force as to Expositions: This is the
In Return for Your Cash,
never have any reason to complain about dull trade. With their uni
formly and universally low prices as a motive power the wheels, of com
merce at their store are never at a standstill. ,, t
But we must return to the subject The closing week of the Expo
sition. Thousands of country people, who have delayed visiting "the
Exposition until now, will avail themselves of this l&st opportunity to
do so. Armies of strangers within our gates is what we may expect
every day this week. From the North and South, East and West.there
wiU be one continuous stream ot
Of course, we have made special
throng of purchasers. The bargains
WllUUUb a uicv.wuv.uii auu aiauv.u
Men's Suits at $9, $12, $15, $18 and $20, wortifSO
per cent more money. ' .
Men's Overcoats at $10, $15, $18, $20 and $25, worth.',
from $5 to $15-more per garment. 4
Men's Pants at $2, $2
everywhere at away
Boys' Short Pant Suits
regular value from $3
Boys' Long Pant Suits
worth every c6nt otfrom$7'TQr22:
T3Trn rVrrttnnrtOT-a Q fiQ fiA
JJUVO vyVCL.vWU.uo u V, v,
prices ranging from
During this the last
in Ladies' Cloaks, Wraps, Jackets, Plush Garments aad Misses' -ad'
Children'? Cloaks, Men's and Boys' Hats and Caps, FnrnkhiBf?
::: Goods and Boots and Shoes for all ages of both sexes, r:?
A A A A
V T V w
Fifth Avenue and
PKSMSYLVAITIA KAILTtOAD ON AND
alter September H. 1SW trains leave Union
Station, Pittsbnrg, at lollo, Eastern Standard
HA1X LISE EASTWABD.
New York and Chicago Limited or Pnllman Ve
UbnledallTat7:Ua.m. Atlantic Express dallr for the fast, 1:30 a.m.
Mau train, dally, except Sunday. ta. m. Sun
day, mall, 8:40 a. m.
Day express dally at 3:00 a. m.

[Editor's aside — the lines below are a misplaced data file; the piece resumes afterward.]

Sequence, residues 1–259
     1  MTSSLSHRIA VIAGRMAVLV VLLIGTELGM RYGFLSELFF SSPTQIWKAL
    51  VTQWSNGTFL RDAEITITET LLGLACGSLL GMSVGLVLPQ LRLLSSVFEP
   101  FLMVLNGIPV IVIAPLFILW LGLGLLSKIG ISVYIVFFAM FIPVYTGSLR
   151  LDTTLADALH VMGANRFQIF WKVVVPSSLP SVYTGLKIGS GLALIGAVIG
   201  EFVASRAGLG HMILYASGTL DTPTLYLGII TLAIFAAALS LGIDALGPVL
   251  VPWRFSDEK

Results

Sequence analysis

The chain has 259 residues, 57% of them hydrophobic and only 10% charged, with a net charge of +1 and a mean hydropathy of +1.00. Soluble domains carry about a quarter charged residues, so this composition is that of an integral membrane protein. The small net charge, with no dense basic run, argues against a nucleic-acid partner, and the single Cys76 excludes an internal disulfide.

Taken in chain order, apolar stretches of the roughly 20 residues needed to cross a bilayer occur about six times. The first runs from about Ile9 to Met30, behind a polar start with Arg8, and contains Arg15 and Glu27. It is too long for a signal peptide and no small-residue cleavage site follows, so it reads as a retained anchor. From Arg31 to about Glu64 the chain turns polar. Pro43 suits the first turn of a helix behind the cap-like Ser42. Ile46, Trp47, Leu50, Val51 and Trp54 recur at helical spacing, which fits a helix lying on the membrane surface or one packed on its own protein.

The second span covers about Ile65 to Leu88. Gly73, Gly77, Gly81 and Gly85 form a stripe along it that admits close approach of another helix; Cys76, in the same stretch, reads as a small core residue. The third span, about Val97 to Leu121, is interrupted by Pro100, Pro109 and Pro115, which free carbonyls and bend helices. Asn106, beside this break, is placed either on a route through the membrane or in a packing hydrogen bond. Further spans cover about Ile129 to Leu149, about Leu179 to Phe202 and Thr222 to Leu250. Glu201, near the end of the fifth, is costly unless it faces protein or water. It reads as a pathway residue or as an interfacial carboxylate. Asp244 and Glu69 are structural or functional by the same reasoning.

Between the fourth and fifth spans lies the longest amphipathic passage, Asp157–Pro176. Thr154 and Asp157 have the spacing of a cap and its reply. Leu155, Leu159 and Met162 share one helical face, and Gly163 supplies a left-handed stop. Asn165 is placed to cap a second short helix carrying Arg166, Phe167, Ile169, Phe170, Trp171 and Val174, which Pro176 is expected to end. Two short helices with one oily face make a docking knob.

Mall exprewdally at 1:00 p. a.
Pnlladelpnla express dally at 4:30 p. m.
Eastern express dally at 7iU p. m.
Past Line dally at :10 p. m.
Oreensbnrexpressa:lop. m. week days.
Derry express 11:00 a. m. week days.
All tfirourt trains connect at Jersey City wIH
boats cf "Brooklyn Annex" for Brooklyn, if. Y
avoldlngdoubleferrlafe and journey tarouru If.
Trains arrive at Union StaUon as follows :
Mall Train, dally WJfc a.
Western Exnress. dallr - . "
Pacific Express, dally 4:SD- "
Chicago Limited Express, diUy :30p.m.
Fast Line, dally. 11:55 p. a.
UOUTHTVESr PEMK KAILTVAX.
For Uniontown, HSO ana 8:Ka. m.and4Sn
m wltbtnt change of ears: MLM p. m., connect
lnit at Qreensburs:. Trains arrive from Union
town at 9:15 a. m.. 1120. Mi and 8:10 p. m.
WEST PEUNSfiiV-AIIlA IJIVISlOir.
FromFEUEKAL et. STATION. AUegbenj aty.
Mall train, conneetlni: for BlalrsvUle... 8:4S a. ra.
ExoressTwr Blairsville, connectlnc for
Butler ". i-i:""i JJP-'a.
BuOer Accra 8:Ma- m, Snd :p. bv
Freeport Accom 4:15. 8:30and Jl:40p. m.
OnSanday K:Mand OgOp. m.
North ApoUo Aecoti..... 11:00a-m.and Mp.m.
AUegbenr Jnnctlan Accommodation
connecting for Butier.. aoa.nu
Blairsville Accommodation ..10:400. m.
TStailJrlve at FEUEKAL 8TBEET STATION t
Express, connecting from Butter 10:35 a. m.
Mall Train. i"J,""vJiSp m-
Bntler Accom :Wa. m., 4:40 and 70 p. m.
BlalrsvUle AccommodatIon....;i.....-9Jp. m.
Freeport Accom.7:) a. m.. Ira 7ra and H:W p. ra.
On 8anday 10:10a. m. and7:0Op.m.
Bprlngdale Accom....:,n:a.m.,8ra60 p. ra.
NortU Apollo Accom 3:40a. m. andS:4Dn. m.
Trains leave Union sutlon. Pins onrsr, asrotlows:
For Moaongahela City, West Brownsville and
Uniontown, iQM0.m. For Monongahela City and
West Brownsville, 7:05 and 10:40 a.m.and 4:40 p.m.
On Sunday, 11 p. m. For Monongabela City. 5:U
p. m week days.
Dravosbura; Ac, week days, ao p. m.
West Elizabeth Accommodation, s:20a.m., SiOB,
tau and 11: p. m. Sunday. 9:40 p. m.
Ticket offices Corner Fourth avenue and Try
street and Union station.
CHAS.E.PUOH, J. K. WOOD.
General Manager. GenHPass'r Agent.
TANHANDIiE IttJuTE-JULY 8. 1380. UNION
JL sutlon. Central Standard Tin. Leave for
Cincinnati and St. Louis, d 7:30 a.a., d840 and
d ll:u p. a. Ilennlson, J:4i p. m. Chicago,
12:05, diKis p. m. Wheeling. 70 a. m., n$
8:10 p.m. Steubenville. SdSa. m. Washington.
(dB, t-Ms. m.,l:3e. 1)30,4:45.4:56 p. m. Bulger. 10:10
a. m. Burgetutown, Jll J6s,tn- 835 p. ra. Mans
field, 7:15. 8:30, UMs. m Irs, 8:30k d ; 10--S6
p.m. MeOonaldJ,d4:15, d:p. m.